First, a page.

There’s a lot to think about when it comes to hiring a freelancer. In addition to the argument of whether or not to hire one in the first place, there’s another thought to keep in mind: is it better to go cheap, or to go smart?
Now, what does that mean exactly? It means, what do you prioritize when it comes to hiring your freelancer. Would it be better to hire someone who won’t charge a lot of money? Or would it be better to hire a professional, who’s albeit, rather expensive? To answer that question, continue reading.
What do we mean by cheap?
Cheap is defined in the Oxford Dictionary as
1. an item of low price
2. the charging of low prices
3. a thing of low quality or value and/or
4. one that easily gets worthless.
Now, associate the word cheap with a freelance expert and the remark becomes a little unflattering. Ironically, as clients, we want the freelancers to come cheap, for the right reasons of course. But that doesn’t mean that we want cheap quality when it comes to their work.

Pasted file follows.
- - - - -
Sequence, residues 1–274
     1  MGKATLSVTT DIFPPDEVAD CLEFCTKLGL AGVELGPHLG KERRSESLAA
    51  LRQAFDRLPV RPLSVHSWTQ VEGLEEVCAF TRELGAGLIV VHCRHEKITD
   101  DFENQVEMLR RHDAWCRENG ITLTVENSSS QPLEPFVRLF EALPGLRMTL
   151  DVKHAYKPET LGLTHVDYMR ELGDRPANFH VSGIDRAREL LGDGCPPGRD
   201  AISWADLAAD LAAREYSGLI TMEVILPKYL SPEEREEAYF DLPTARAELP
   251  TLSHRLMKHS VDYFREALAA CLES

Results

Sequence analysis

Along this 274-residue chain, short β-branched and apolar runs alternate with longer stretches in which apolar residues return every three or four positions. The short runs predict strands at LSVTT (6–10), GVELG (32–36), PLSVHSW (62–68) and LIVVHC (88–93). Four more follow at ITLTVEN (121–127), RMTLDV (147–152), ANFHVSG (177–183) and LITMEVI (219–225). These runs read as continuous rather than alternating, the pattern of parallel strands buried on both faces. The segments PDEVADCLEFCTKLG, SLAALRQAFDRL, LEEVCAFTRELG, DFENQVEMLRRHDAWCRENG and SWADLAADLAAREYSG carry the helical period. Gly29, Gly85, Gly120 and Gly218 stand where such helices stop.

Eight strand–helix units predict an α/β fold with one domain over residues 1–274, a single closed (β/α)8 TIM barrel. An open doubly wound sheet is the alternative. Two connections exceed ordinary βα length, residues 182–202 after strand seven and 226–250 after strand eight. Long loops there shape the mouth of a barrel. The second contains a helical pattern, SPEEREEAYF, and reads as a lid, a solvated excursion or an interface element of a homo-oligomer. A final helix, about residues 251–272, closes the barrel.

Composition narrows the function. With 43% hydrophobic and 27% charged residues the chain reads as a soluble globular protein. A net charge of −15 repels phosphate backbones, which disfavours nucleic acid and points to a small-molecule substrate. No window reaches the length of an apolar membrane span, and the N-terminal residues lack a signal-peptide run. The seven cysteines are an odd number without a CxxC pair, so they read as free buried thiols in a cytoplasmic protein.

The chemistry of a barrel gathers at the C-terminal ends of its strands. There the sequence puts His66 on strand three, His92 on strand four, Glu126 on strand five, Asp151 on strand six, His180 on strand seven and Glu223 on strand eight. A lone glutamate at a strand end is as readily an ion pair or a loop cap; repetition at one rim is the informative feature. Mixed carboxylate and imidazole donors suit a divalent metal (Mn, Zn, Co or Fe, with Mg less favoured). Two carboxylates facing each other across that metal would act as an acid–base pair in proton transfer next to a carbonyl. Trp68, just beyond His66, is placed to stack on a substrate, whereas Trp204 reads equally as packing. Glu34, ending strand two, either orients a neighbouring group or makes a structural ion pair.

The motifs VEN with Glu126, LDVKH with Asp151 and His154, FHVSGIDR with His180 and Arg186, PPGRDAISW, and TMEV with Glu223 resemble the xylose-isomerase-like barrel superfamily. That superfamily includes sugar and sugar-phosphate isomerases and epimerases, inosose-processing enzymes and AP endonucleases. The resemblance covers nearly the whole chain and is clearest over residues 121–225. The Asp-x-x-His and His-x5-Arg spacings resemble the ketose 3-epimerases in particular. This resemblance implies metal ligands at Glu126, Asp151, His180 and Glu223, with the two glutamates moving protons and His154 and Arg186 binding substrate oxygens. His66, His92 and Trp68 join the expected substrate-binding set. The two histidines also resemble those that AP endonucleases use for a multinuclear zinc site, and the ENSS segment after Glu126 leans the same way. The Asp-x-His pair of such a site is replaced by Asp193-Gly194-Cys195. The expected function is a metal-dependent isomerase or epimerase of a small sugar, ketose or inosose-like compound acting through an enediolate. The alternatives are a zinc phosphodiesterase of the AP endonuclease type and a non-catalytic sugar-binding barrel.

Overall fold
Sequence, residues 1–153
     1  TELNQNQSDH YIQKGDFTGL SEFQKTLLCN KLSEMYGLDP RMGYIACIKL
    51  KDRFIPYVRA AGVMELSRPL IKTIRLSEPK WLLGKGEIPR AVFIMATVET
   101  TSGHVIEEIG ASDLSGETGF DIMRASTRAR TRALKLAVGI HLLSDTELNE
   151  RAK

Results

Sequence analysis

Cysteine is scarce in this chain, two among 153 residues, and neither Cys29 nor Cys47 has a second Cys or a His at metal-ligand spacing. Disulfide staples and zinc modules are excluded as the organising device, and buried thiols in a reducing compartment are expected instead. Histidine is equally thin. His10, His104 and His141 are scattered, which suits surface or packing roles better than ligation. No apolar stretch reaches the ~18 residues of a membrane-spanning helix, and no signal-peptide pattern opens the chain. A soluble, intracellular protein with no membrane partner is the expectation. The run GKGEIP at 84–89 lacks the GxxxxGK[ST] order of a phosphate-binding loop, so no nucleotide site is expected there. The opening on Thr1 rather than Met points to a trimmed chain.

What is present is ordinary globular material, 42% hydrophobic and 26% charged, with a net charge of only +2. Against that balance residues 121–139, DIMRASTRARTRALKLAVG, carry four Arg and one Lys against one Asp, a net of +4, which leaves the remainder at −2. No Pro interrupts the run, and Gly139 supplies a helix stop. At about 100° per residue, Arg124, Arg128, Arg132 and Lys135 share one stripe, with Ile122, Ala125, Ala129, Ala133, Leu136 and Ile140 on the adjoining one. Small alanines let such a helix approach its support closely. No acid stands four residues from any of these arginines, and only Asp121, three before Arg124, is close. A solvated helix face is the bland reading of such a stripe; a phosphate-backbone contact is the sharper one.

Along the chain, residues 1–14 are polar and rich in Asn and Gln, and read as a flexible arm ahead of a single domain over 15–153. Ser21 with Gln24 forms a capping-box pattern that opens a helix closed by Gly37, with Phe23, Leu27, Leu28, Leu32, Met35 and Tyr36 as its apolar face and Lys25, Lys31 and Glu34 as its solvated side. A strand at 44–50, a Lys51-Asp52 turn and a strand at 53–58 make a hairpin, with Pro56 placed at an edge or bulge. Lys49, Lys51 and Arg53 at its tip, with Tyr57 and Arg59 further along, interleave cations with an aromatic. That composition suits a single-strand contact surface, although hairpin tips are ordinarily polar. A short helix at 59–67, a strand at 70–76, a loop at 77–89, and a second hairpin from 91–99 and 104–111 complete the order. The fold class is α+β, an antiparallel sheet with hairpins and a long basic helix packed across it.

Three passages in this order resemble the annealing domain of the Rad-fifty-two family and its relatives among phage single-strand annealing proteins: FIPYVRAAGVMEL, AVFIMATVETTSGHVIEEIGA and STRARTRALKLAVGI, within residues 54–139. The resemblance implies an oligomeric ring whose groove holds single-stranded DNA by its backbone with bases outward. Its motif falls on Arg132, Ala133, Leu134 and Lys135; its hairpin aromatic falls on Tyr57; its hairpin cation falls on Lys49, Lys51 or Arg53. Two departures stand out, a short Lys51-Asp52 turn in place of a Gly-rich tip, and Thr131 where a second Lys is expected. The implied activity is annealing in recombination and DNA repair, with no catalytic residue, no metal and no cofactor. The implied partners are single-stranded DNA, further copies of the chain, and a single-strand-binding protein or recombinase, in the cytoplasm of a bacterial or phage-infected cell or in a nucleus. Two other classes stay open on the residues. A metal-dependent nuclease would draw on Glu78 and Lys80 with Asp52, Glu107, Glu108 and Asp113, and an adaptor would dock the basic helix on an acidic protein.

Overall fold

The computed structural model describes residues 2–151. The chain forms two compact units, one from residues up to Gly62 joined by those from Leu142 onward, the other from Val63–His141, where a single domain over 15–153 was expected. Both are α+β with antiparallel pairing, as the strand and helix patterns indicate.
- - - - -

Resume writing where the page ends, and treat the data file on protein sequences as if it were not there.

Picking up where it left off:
When do we say hiring a freelancer is cheap?
Professional fees usually appear as one line items of expenditure in a company’s profit and loss report. Companies employ the services of professionals, in certain cases that may be freelancers, for work only members of a particular profession are capable of doing. That can be done with the help of a license, certification or both. This may be granted by the state itself or by some professional organizations that the state recognizes.
To employ such talented people, specifically, the ones whose work may only be required once in a while, or for specific non-recurring projects, on a full-time basis will result in a very expensive and therefore unwise cost for the business. That’s why hiring a freelancer comes in handy, you avoid all the unnecessary expenses that come with hiring a full-time employee without skimming on the results and work as a whole.
What should you consider beforehand?